By Janette Corcoran
Our apartment layouts might be uniform, but our interiors need not be!
Advice abounds about how we, vertical villagers, can decorate our small spaces.
We are advised to delineate areas, go vertical with storage, choose a light colour palette (or alternatively) go bold, add layers for depth – and most important of all – invest in appropriate furniture.
But just what is appropriate for our space-challenged apartments?
Scanning the many guidelines offered by small space stylists, current advice cautions us not to take the “dollhouse approach”, meaning that we should not simply shrink our furnishing and outfit our abodes with tiny furniture.
According to course director of interior architecture at Swinburne University Kirsten Day, the best types of furniture to use in small spaces are simple open-framed chairs and tables, furniture with light frames, steel or timber, and open backs. She further advises that fitted living room furniture with built-in side tables that hug the wall is better than large single units and isolated tables. And Kirsten is also an advocate for flexible space (i.e. multi-purpose arrangements).
To date, flexible space in Australia has focused on transforming furniture – sofas which turn into beds, coffee tables which change into dining tables, etc. The more radical options, such as moving robotic walls, were the stuff of futuristic design fairs.
But things are about to change
Swedish furniture giant IKEA is teaming up with US start-up, Ori, to create such a robotic furniture product.
Ori’s current collection includes a “pocket closet” (an expanding and concealable wardrobe) and in conjunction with IKEA, Ori is developing the ROGNAN solution which enables a bedroom to transform into a living and working space.
“More IKEA …” I hear you sigh.
And it is a common lament that in being one of the few retailers that offer reasonably priced furniture suited to our space, that many small apartments can look like a page from an IKEA catalogue.
Enter the IKEA hack
As many know, IKEA hacking has been growing in popularity for some time with entire sites now dedicated to sharing tips. Early on, the Swedish retailer “disliked” this idea but they have changed their tune, even offering ideas themselves.
IKEA hacking started with the
re-engineering of IKEA pieces to serve another purpose but increasingly, these hacks focus on customising the appearance of the skandi furniture – the decorative hack.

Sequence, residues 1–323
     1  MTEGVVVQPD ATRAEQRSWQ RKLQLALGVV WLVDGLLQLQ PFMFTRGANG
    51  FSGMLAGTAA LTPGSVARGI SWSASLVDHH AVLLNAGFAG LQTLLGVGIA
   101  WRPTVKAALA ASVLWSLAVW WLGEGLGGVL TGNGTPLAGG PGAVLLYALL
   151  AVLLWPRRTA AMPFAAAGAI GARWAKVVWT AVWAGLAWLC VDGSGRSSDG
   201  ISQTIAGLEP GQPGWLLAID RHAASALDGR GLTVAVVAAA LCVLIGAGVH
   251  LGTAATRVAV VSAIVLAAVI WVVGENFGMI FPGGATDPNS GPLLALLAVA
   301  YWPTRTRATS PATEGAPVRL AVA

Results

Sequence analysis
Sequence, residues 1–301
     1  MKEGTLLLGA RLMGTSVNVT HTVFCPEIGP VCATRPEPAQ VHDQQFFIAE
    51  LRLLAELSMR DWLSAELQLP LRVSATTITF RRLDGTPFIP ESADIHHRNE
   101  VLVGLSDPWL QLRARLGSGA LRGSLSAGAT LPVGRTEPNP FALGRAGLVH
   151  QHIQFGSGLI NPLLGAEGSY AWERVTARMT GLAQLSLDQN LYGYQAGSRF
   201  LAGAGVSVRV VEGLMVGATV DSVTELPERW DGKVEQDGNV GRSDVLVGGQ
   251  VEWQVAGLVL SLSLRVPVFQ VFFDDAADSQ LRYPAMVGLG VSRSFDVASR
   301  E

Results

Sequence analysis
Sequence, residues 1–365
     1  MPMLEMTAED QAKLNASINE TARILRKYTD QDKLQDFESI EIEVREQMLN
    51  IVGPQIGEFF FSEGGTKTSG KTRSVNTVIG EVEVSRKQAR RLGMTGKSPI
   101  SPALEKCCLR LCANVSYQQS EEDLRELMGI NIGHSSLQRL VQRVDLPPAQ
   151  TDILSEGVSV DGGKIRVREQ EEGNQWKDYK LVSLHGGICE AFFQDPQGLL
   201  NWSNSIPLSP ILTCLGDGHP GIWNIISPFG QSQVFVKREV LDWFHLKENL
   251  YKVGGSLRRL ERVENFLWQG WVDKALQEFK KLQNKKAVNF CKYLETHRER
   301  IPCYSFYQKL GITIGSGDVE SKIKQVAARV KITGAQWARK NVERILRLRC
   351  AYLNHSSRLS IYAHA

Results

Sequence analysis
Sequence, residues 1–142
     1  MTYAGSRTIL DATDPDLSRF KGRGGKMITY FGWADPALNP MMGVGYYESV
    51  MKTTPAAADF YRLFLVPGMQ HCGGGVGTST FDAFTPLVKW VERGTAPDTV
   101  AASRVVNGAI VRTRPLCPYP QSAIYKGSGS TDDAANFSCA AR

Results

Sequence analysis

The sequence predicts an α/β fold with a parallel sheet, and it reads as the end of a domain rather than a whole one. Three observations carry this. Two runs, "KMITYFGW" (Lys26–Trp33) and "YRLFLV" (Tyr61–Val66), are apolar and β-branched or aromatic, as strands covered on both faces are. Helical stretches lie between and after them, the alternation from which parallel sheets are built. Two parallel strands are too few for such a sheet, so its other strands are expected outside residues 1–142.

In recognising this desire to customise one’s IKEA, the past few years have seen several start-ups emerge which offer different ways of doing this. Among these are Norse Interiors, Reform, Panyl, Hølte and even our own Australian LUX.
At Norse Interiors (USA), they offer “luxurious, custom-made replacement pieces to turn IKEA furniture storage into bespoke works of art.” Customers choose the colour and design of pieces which fit over existing IKEA furniture.
Reform’s offer is more a swap-out of kitchen fronts and countertops which they promise are easy to combine with IKEA’s basic and popular modules.
Hølte, a London-based studio, provides a high-end version of this aftermarket alteration service, offering an array of coloured handles, countertop surfaces and hand-finished cabinet fronts.
Deviating from this refit approach, Panyl and our own LUX offer more accessible ways of customising – no screw drivers needed!
Panyl is a do-it-yourself furniture wrap which comes in multiple colours and wood grain textures.
Meanwhile LUX offers a range of overlay panels along with a selection of handles, legs and feet which can be combined for a “designer look on a flat-pack budget”. LUX’s products are Australian designed and made, and LUX is Australian owned and operated – which could mark the beginning of an interesting OZ-scandi fusion!
So, before you send your IKEA unit to landfill, think about “hacking out” a second life.